As Roman Catholic cardinals gather in the magnificent Sistine Chapel to select a new pope, their conclave, steeped in centuries of tradition, is at a critical crossroads. Will the cardinals vote for a pope who can re-energize the faithful, and restore the trust that has been missing for millions of lapsed Catholics?
The conclave is both fascinating and intriguing. The College of Cardinals will sit at tables amid great works of art, including Michelangelo's "The Creation of Adam," a fresco on the ceiling, and "The Last Judgment," which covers the entire wall behind the altar of the Sistine Chapel. The 115 cardinals eligible to vote will deliberate in absolute secrecy, and they will vote until someone receives two-thirds of the ballots, or 77 votes.
Politics will play a major role in the selection. Rumors swirl around the Vatican of factions, those who favor some reform versus those who wish to preserve the traditions. There is an air of great urgency as well as anticipation surrounding this conclave.
The Catholic Church has been roiled in controversies and crises that have it on the defensive. The sex abuse scandal has cast a dark shadow over the religion, and the Church's handling, cloaked in secrecy, has been disastrous. The impact has been felt in Ireland, Germany, South America and in the United States. Thousands of young men and women were victimized, and millions of dollars have been paid in settlements. This great tragedy is far from over.
The resignation of Pope Benedict the XVI shook the foundations of the Church. The 85-year-old pope stepped down last month citing a "lack of strength of mind and body" to carry on as leader. In addition to the sex abuse scandal, Pope Benedict had been recently tested by internal fighting, allegations of corruption, leaks and wiretaps.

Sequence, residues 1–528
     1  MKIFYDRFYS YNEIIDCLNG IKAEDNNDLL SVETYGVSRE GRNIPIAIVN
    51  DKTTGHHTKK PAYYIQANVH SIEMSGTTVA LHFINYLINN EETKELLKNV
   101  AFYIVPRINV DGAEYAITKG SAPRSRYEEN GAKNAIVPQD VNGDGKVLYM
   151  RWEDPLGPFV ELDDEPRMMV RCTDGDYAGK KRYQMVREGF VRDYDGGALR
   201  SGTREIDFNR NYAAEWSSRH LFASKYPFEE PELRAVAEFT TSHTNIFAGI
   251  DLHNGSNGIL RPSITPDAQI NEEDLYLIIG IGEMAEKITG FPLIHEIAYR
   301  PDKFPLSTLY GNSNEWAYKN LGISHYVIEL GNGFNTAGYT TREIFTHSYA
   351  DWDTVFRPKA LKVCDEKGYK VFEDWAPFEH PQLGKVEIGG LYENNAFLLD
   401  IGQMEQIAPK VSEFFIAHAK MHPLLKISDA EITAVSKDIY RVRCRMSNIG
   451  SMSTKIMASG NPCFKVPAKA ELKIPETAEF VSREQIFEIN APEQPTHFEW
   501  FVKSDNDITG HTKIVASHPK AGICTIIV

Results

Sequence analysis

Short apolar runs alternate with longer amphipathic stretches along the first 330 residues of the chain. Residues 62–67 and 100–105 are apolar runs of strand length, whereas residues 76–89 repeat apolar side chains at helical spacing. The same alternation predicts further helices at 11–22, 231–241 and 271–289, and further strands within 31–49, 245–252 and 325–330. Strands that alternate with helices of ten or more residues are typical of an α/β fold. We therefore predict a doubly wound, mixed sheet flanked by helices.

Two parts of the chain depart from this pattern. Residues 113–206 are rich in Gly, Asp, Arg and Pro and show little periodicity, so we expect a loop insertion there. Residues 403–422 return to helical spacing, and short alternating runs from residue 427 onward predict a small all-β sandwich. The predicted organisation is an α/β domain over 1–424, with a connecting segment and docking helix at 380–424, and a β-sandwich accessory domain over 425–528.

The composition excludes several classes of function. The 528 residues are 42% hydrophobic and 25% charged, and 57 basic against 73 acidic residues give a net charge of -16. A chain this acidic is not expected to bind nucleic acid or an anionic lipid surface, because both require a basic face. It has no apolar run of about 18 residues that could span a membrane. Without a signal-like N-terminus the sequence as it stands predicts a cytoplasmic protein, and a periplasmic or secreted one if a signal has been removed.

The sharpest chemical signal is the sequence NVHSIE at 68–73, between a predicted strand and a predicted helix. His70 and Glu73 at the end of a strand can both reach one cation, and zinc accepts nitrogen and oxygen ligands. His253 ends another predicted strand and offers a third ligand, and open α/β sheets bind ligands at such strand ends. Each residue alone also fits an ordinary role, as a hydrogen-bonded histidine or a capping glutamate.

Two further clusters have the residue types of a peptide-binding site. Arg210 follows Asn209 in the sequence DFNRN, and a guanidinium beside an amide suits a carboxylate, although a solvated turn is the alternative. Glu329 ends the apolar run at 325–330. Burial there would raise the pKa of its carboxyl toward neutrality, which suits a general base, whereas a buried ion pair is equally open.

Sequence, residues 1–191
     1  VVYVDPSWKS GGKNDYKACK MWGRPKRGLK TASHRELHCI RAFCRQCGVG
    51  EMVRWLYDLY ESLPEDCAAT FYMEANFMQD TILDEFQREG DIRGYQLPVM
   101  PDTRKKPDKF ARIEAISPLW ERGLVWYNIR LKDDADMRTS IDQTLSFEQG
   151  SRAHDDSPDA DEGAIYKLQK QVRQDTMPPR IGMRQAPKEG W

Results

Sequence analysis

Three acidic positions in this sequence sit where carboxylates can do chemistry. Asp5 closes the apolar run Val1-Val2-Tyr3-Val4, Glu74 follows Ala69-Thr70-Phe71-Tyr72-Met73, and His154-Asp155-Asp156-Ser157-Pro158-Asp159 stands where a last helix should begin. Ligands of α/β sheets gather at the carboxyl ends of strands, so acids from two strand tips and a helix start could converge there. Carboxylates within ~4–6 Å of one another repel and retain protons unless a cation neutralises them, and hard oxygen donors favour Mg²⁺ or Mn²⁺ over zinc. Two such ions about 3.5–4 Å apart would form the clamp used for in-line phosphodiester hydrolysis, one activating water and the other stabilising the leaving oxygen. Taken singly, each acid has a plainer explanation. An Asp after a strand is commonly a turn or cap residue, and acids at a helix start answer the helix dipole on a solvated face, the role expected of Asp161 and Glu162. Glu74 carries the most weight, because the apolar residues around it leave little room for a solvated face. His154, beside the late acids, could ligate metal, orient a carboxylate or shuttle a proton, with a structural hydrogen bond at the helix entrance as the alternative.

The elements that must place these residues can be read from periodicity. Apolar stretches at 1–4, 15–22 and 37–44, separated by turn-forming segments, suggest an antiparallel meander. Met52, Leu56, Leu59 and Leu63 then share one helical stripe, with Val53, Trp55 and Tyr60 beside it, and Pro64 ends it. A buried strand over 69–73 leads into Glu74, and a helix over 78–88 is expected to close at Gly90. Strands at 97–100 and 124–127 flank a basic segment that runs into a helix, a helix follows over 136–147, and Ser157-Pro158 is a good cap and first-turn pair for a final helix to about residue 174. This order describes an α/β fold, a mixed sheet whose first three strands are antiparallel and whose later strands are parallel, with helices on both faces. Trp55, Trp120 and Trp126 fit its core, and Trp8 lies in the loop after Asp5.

The Church itself is being tested by sharply declining church attendance, especially in Europe, and the United States. It is being challenged in South America by growing evangelical movements. While it is still expanding in Africa and parts of Asia, overall the Church is losing its relevance for many Catholics.
The Church's firm stand on birth control, homosexuality, women priests and allowing its clergy to marry does not reflect the feelings of many Catholics, especially in America. Yet, there seems to be little prospect that the new pope will alter the Church's stand on any of these issues.
Will the new pope be an American? For instance, will it be the charismatic Cardinal Timothy Dolan of New York, or the humble Cardinal Sean Patrick O'Malley of Boston? The conventional wisdom is that the conclave will not select a pope from a super power. Instead, the frontrunner may be Cardinal Angelo Scola of Milan, who is widely respected and has steered clear of many controversies. Also getting attention are Cardinal Odilo Pedro Scherer of Brazil, Cardinal Marc Ouellet of Canada and Cardinal Peter Turkson of Ghana.
When the conclave elects a new pope, white smoke will billow from a chimney atop the Sistine Chapel. That will be the first sign that a new pope has been selected to lead the world's 1.2 billion Roman Catholics. He will be regarded by the faithful as the successor to St. Peter, the Apostle. But will he be able to breath new life into the Catholic Church?
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